Friday, September 25, 2015

In Jon Watts' COP CAR, a pair of updated Hardy Boys encounter some very bad things

The Hardy Boys, for all you youngsters out there, was a popular series of books first published back in the late 1920s about a pair of young boys who investigate all sorts of mysteri-ous happenings (think of them as a male version of Nancy Drew times two, though they actually preceded Nancy by three years). I bring this all up because those Hardy Boys came to mind as I watched the new film COP CAR, which is about to make its Blu-ray/DVD/digital HD debut this coming week.

The Hardys, however, never encountered anything quite like what our two ten-year-olds get up to in this very-necessarily R-rated movie. Another critic has compared what happens to something out of a Coen Brothers film, though Cop Car has little of the Coens' style or sense of humor (it's funny and semi-stylish in its own manner), though the brothers' love of violence is indeed on hand, if only as a threat until very late in the proceedings. As co-written (with Christopher D. Ford) and directed byJon Watts (at right), the film is funny and intriguing from its opening scenes and holds you in thrall right up until its 87 minutes have concluded.

Though its above-the-title star is the oft-seen Kevin Bacon (on poster, top, and in the penultimate photo below), the movie rests solidly on the small shoulders of Bacon's co-stars -- James Freedson-Jackson (shown above) and Hays Wellford (below, left) -- the former a neophyte, the latter with a few roles already under his belt.

These kids (and the actors who plays them) are fabulous: funny and real and full of that anxiety that hits at the onset of puberty and doesn't let go until -- if you're lucky -- adulthood. The first 15 minutes of the film, in fact, belong to these kids alone, and they make the most of it as, apparently running away from home along a wide stretch of barely populated Colorado plains, they come across what appears to be an abandoned police car in a secluded, slightly wooded area.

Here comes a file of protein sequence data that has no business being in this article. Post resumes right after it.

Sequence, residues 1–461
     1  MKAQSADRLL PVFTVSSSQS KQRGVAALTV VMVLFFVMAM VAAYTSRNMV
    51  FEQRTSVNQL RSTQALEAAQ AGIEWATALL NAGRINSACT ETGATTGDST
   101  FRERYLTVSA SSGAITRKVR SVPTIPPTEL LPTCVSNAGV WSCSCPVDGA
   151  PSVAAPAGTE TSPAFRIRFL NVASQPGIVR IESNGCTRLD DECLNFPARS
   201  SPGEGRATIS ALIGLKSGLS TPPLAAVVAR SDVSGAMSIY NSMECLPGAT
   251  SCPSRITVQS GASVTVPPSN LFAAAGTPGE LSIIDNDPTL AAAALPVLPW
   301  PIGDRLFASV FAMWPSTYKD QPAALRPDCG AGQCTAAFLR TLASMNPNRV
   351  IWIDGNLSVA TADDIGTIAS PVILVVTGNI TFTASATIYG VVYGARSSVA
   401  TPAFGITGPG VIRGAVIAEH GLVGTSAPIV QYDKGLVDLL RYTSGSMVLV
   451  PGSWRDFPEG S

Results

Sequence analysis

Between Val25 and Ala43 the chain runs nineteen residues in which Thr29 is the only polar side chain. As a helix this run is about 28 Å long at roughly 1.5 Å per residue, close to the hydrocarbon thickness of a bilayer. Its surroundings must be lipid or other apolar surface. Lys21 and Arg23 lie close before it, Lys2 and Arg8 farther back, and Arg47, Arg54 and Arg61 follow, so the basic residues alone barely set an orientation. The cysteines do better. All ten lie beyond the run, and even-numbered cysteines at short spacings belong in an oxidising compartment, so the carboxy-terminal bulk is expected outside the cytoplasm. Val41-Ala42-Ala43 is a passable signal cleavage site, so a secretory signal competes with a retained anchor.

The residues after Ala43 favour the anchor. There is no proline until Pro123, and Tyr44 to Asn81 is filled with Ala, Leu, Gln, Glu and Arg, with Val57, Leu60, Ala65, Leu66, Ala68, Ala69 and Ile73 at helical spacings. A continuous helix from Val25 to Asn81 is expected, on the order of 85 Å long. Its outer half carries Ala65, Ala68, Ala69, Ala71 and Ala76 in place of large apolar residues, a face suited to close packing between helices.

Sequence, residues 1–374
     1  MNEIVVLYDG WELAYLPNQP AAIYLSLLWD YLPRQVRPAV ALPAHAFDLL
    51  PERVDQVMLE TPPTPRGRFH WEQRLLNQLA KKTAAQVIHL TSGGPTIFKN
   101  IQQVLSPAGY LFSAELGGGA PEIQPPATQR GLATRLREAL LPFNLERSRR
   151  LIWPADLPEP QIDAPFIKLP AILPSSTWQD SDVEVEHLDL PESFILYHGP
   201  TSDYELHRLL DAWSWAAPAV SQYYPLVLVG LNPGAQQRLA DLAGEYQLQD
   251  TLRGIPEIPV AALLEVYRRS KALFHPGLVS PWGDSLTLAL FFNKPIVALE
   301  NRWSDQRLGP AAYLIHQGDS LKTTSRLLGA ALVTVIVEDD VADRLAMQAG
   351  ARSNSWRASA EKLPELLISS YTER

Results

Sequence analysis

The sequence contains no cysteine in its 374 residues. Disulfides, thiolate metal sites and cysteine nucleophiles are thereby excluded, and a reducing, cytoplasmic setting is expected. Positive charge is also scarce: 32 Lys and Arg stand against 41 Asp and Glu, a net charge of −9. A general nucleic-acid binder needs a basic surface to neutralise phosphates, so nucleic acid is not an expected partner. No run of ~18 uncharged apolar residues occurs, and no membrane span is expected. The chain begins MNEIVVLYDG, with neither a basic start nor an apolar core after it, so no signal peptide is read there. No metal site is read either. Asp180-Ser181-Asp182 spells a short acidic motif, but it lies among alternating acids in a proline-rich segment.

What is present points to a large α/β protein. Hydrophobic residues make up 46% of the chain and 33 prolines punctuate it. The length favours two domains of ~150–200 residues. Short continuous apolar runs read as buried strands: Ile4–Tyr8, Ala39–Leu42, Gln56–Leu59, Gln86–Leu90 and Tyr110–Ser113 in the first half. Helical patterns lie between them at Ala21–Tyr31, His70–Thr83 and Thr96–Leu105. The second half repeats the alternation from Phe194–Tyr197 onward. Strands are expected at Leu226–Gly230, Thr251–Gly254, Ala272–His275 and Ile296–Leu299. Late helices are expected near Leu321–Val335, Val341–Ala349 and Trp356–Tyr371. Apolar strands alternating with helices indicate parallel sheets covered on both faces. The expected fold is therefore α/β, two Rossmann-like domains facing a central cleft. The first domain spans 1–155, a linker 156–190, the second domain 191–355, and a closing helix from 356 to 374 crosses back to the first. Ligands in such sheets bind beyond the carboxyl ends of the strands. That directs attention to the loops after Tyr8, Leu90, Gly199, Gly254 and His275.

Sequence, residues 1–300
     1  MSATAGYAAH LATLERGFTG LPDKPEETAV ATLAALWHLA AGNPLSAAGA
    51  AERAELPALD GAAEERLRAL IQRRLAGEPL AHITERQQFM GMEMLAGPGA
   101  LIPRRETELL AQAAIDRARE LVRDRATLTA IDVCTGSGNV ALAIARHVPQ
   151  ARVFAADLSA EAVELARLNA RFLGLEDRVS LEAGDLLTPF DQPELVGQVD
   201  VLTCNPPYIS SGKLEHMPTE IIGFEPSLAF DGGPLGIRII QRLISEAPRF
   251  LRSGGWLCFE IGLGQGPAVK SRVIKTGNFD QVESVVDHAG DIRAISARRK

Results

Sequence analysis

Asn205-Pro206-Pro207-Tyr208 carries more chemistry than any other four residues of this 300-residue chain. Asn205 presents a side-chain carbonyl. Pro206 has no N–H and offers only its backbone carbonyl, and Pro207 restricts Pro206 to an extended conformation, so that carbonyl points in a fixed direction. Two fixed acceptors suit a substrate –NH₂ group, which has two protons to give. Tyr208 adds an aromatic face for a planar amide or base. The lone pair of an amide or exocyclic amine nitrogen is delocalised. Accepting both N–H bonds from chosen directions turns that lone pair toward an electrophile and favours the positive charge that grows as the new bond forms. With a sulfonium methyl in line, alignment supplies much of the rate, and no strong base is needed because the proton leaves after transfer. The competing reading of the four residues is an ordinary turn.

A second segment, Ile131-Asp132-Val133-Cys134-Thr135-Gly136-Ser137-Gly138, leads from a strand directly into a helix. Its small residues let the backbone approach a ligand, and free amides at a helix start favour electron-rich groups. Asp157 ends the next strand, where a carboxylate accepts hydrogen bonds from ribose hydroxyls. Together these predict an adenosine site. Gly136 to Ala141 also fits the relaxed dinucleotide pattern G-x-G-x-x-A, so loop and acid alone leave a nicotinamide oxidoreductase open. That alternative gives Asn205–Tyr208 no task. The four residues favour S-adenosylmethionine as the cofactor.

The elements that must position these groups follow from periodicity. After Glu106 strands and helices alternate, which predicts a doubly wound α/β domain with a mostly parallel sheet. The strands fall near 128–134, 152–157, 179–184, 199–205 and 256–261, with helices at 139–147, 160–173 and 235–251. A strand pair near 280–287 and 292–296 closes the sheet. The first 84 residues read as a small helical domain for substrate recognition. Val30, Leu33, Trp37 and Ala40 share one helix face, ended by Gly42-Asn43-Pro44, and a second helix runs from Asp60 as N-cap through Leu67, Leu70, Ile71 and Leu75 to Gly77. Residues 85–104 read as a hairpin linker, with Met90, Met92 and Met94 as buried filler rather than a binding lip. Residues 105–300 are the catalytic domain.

The writers/director contrive to show us this first charming, funny scene, then go back a bit in time and then forward again, surprising us and making us more than a little concerned for the safety of these two boys.

The tale takes place within a single day -- a few hours, really -- which gives it a goose of extra reality and suspense, as event piles on event until things grow much darker and we're not at all sure where they will lead or what the outcome might be. In addition to Mr. Bacon and the boys, the cast includes only two other major roles (unless you count that of Kyra Sedgwyck, who plays the voice of  the police dispatcher): Camryn Manheim (above) and Shea Whiigham (below).

The movie is so cleverly plotted, exciting and fun that it surprises me it was not more widely seen. In fact, it's that rare more-or-less-mainstream film that we critics enjoyed (79% on Rotten Tomatoes) more than the audience (54% on RT). So, if you're in a mood for a movie than goes from sunny, light and carefree to awfully dark and unsettling, take a ride in this Cop Car.

The movie is an object lesson -- for all the characters involved -- in the myriad ways in which our actions can have unintended consequences. It's particularly sad that our under-aged heroes, with so little experience to fall back on, must suddenly learn this, too.

Cop Car, from Focus Features, hits the street on Blu-ray/Digital HD and DVD this coming Tuesday, September 29, for purchase or rental. 

No comments: